Rare Doctor’s Note Offers Glimpse Into Napoleon’s Agonized Final Years

The 1818 missive, which describes the French statesman’s failing health, recently sold at auction for $2,000

A black and white melodramatic depiction of the scene, with Napoleon on a white bed lying surrounded by grieving people
An 1843 aquatint by Jean-Pierre-Marie Jazet, after a painting by Carl von Steuben, depicts Napoleon Bonaparte in his final moments. Thorvaldsens Museum

Napoleon Bonaparte ricocheted to power in the early 19th century, rapidly rising through the ranks during the French Revolution and crowning himself emperor in 1804, when he was 35 years old.

Comparatively, the statesman and military leader’s death was a subdued affair: Exiled on Saint Helena, a rocky island in the South Atlantic Ocean, the former emperor suffered agonizing symptoms for years before finally succumbing to illness in 1821, at the age of 51.

A rare doctor’s note recently sold at auction offers a new glimpse into Napoleon’s fragile health during his final years. As Sara Spary reports for CNN, Irish surgeon Barry Edward O’Meara handwrote the letter, which Heritage Auctions sold to an unnamed British citizen for $2,000. Dated to June 4, 1818, the letter outlines its subject’s “ill health” in detail.

“I found [Napoleon] laboring under a considerable degree of fever, his countenance displaying anxiety and being evidently that of a man who was experiencing severe corporeal sufferings,” O’Meara observed.

He added that the politician’s symptoms included “great increase of pain in the Right side, rending headache, general anxiety and oppression, skin hot and dry, pulse quickened,” all of which signaled a “crisis of a serious natures.”

O’Meara also noted that he had removed one of Napoleon’s wisdom teeth the previous fall.

Napoleon’s stay on Saint Helena marked his second—and final—exile. He’d first been exiled to the island of Elba but had escaped in 1815, only to be defeated at the Battle of Waterloo later that year and forced to abdicate once again.

According to researcher and gynecologist Hubert O’Connor, who wrote a book on the physician’s unlikely link with the famous emperor, O’Meara hailed from a wealthy Dublin family and studied medicine at Trinity College. Because he was Napoleon’s close confidante and had a record of espousing conspiracy theories about his friend’s demise, O’Meara’s account may not be wholly reliable.

As O’Connor noted in a blog post for Trinity College, the pair met aboard the H.M.S. Bellerophon, where O’Meara was senior physician, following Napoleon’s surrender in July 1815. When the French leader learned that he would be imprisoned by British officials, he requested that O’Meara be allowed to accompany him as his personal doctor.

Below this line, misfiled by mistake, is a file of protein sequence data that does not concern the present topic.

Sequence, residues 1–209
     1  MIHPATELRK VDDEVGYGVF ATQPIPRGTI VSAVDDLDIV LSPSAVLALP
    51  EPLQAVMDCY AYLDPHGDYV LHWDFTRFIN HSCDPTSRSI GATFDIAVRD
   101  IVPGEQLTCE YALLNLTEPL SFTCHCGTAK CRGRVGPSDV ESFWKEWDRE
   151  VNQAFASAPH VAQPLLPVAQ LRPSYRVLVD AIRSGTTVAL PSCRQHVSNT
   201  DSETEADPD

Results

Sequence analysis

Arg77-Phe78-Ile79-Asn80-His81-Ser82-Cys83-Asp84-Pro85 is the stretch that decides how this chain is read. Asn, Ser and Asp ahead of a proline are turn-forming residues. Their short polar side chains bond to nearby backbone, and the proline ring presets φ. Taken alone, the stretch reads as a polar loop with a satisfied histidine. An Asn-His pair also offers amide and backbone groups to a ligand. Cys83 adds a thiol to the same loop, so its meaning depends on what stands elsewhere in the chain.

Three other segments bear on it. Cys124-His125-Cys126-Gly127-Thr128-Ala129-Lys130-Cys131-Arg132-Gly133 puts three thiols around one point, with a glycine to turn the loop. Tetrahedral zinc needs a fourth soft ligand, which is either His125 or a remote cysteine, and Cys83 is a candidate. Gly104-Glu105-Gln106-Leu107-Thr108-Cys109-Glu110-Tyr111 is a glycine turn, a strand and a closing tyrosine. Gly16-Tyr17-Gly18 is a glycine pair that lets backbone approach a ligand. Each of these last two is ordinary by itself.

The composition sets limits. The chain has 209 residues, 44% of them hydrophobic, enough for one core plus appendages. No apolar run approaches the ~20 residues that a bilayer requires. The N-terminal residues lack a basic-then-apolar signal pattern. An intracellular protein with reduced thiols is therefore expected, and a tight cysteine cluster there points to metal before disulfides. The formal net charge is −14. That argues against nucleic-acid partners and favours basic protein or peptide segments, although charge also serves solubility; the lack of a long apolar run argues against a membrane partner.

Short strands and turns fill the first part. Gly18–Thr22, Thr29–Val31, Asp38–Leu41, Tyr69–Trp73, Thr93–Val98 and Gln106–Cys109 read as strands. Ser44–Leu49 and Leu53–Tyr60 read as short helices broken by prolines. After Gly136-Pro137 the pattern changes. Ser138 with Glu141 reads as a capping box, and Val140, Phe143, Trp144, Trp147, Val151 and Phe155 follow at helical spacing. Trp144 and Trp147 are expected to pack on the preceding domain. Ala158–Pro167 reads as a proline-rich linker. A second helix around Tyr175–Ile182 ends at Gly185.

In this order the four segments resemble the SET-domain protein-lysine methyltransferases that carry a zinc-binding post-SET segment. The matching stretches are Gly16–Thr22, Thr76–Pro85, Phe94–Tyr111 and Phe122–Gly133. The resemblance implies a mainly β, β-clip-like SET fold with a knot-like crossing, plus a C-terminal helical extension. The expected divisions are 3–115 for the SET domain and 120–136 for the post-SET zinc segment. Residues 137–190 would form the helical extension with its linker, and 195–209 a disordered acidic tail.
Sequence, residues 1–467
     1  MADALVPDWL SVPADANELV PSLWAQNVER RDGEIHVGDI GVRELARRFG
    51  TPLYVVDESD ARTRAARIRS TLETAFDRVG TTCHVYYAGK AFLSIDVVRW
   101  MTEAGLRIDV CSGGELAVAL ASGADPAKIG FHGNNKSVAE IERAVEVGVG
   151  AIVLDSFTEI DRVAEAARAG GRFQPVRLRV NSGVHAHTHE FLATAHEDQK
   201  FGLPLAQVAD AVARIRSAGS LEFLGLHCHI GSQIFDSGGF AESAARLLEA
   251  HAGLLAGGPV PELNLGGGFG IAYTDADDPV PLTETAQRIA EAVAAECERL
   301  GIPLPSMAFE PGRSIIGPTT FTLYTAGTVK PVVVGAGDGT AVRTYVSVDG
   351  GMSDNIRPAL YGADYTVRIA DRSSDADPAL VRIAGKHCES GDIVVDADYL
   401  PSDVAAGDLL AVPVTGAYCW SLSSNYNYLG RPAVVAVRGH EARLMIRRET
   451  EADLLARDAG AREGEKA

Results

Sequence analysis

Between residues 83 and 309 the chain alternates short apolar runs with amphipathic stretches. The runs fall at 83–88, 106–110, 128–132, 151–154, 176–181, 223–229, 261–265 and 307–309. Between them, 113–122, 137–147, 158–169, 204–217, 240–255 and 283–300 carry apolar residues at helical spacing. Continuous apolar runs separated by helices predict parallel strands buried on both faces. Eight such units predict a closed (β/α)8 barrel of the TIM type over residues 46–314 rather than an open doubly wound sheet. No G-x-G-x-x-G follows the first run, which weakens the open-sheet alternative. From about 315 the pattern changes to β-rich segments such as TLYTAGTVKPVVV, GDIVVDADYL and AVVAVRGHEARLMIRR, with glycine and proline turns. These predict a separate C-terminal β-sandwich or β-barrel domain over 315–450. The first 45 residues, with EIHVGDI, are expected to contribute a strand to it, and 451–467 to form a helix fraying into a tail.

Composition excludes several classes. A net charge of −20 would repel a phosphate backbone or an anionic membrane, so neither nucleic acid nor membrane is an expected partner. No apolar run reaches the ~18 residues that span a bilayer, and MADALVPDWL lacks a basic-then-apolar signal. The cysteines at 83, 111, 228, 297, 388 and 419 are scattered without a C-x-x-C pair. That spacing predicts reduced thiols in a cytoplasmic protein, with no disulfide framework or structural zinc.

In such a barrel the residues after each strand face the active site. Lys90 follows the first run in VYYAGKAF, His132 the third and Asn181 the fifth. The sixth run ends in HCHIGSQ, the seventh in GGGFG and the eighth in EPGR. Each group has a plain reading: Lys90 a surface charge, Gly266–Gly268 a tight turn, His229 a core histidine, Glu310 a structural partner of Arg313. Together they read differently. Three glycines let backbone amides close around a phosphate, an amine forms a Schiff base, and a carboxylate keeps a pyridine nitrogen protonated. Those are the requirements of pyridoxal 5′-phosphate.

A lightly yellowed note with slanted cursive writing, signed at the bottom by Barry Edward O'Meara
A rare note written by Irish surgeon Barry Edward O'Meara, who treated Napoleon when he was in exile on the remote island of Saint Helena Heritage Auctions

O’Meara sparked the initial rumor that the emperor had been killed by arsenic poisoning (a claim that persists, however unfounded, to this day). In 1818, writes History Extra’s Siân Rees, the physician made a “bombshell claim” that the British governor of Saint Helena, Sir Hudson Lowe, had ordered him to “shorten Napoleon’s life.”

According to History Extra, Napoleon had plotted to escape Saint Helena by claiming that the climate was weakening his health and “using … O’Meara’s medical authority” as support. After O’Meara leveled accusations against Lowe, the governor fired the doctor and replaced him with a different physician. But O’Meara continued to defend his theory and, in 1822, even published a book detailing the supposed conspiracy.

Today, the most widely accepted explanation holds that Napoleon died a slow and painful death due to stomach cancer—a verdict agreed upon by the seven doctors who attended his 1921 autopsy. In 2007, a team of researchers reported that the emperor likely died of gastrointestinal bleeding caused by untreated stomach cancer.

As historian Andrew Roberts tells the TimesValentine Low, O’Meara’s report could indicate that Napoleon’s cancer started as early as 1818.

Sandra Palomino, director of historical manuscripts at Heritage Auctions, tells CNN that the doctor’s note provides “a fresh and unique look inside the life of the great French statesman and military leader, so its historical importance cannot be understated.”

Palomino adds, “It’s a rarity for certain.”

Another artifact linked to the famed emperor’s final years—a steel key believed to be the one that unlocked the bedroom where Napoleon died—will soon go under the hammer, too.

“We see things associated with Napoleon all the time, important pictures or furniture from one of his amazing houses or homes,” David Macdonald, senior specialist at Sotheby’s, tells Sherna Noah of the Scotsman. “But there’s something about a key which, particularly as it comes from where he was incarcerated, is quite powerful, especially as it’s the key to the room where [Napoleon] died.”

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